Spahn said vaccine manufacturers also should be invited to “explain how complex production is.” He stressed that “the quality must be very good” in order to protect people.

Spahn wrote that “we will go through at least another 10 hard weeks with the scarcity of vaccine.”

Germany’s current lockdown, its second, was recently extended until Feb. 14. Infection figures are falling, but officials are worried about the potential impact of coronavirus variants such as the one first detected in Britain.

5:15 a.m. Travellers returning to New Zealand will face stricter rules at quarantine hotels as health authorities investigate how up to three people got infected with the coronavirus while isolating at Auckland’s Pullman Hotel.

The people were released before testing positive and were potentially contagious, but so far testing has shown no evidence the virus has spread in the community. Health authorities believe they caught the virus from another quarantined traveller. New Zealand has managed to stamp out community transmission of the virus.

5:10 a.m. Vietnam reported 82 new coronavirus cases on Thursday, hours after confirming the first two infections in nearly two months.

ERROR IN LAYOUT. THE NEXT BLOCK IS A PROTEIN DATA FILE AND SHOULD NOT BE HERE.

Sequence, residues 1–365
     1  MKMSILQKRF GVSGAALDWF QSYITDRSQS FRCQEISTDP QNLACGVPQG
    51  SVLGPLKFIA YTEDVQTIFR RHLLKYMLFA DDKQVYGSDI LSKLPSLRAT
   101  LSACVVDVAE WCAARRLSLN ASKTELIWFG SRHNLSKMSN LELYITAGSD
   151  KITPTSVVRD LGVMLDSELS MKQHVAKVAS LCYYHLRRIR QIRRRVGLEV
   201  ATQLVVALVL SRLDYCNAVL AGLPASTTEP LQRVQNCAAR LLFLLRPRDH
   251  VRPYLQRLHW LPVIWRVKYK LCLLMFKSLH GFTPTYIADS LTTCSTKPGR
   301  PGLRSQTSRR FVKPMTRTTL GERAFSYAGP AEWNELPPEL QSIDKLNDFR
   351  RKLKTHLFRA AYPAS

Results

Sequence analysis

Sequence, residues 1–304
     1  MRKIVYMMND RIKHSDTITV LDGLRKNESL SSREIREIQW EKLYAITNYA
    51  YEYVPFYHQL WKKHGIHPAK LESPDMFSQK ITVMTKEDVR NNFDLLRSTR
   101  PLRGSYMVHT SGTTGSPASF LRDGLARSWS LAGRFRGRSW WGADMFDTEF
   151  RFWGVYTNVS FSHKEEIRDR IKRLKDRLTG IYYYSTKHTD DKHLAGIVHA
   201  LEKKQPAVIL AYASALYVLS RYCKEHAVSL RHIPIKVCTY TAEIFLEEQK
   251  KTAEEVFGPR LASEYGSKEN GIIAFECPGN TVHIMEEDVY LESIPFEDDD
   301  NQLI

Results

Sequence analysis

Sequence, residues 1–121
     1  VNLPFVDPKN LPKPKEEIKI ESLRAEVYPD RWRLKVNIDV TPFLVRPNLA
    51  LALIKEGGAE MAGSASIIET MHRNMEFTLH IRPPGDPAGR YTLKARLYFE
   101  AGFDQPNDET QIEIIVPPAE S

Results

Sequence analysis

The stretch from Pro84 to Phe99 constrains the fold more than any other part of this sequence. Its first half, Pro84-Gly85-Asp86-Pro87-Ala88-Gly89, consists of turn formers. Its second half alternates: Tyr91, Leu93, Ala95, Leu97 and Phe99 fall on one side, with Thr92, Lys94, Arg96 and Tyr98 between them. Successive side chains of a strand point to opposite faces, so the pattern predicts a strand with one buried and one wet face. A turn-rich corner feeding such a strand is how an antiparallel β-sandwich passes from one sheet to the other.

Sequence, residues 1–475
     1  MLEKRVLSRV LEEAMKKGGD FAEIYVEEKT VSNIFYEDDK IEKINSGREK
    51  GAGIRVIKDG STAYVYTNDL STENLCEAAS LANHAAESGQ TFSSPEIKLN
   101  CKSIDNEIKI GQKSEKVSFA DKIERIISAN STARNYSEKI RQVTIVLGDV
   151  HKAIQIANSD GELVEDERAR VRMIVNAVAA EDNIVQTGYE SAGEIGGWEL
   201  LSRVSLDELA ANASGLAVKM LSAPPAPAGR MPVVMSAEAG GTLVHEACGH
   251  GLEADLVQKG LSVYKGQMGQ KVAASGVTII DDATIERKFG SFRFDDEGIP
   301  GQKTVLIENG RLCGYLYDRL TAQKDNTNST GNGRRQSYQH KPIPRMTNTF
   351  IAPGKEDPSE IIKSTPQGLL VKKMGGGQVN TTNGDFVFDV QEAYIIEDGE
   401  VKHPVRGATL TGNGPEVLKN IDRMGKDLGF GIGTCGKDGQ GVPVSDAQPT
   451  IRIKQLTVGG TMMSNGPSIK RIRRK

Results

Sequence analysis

Seventy-two of the cases came from an electronic company in Hai Duong province, where a 34-year-old female employee tested positive after her colleague was found to carry the virus from Osaka, Japan, several days earlier, the Health Ministry said.

It said the woman who was tested in Japan carried the U.K. variant, which could spread faster.

The company with over 2,200 workers was closed for disinfection and the provincial authority locked down surrounding communities to curb the outbreak.

The ministry said over 3,000 people in the area will be tested.

Meanwhile, in neighbouring Quang Ninh province, 10 people tested positive after a man working at Van Don International Airport was confirmed to be infected.

5:05 a.m. Sri Lanka’s president on Thursday welcomed the first 500,000 doses of a COVID-19 vaccine from India, which has donated the shots to eight countries in the region.

The Oxford-AstraZeneca vaccine was manufactured by the Serum Institute of India.

Sri Lanka said 150,000 health workers and 115,000 selected military and police troops will be the first to be inoculated at six hospitals in Colombo and its suburbs.

One of the hospitals is reserved for COVID-19 patients while the others have separate wards for the coronavirus.

The Health Ministry plans to expand the vaccination campaign to 4,000 hospitals and health centres in other parts of the country next week.

India’s donation covers 250,000 people and Sri Lanka is making efforts to obtain more vaccines, either through donation or by purchasing them.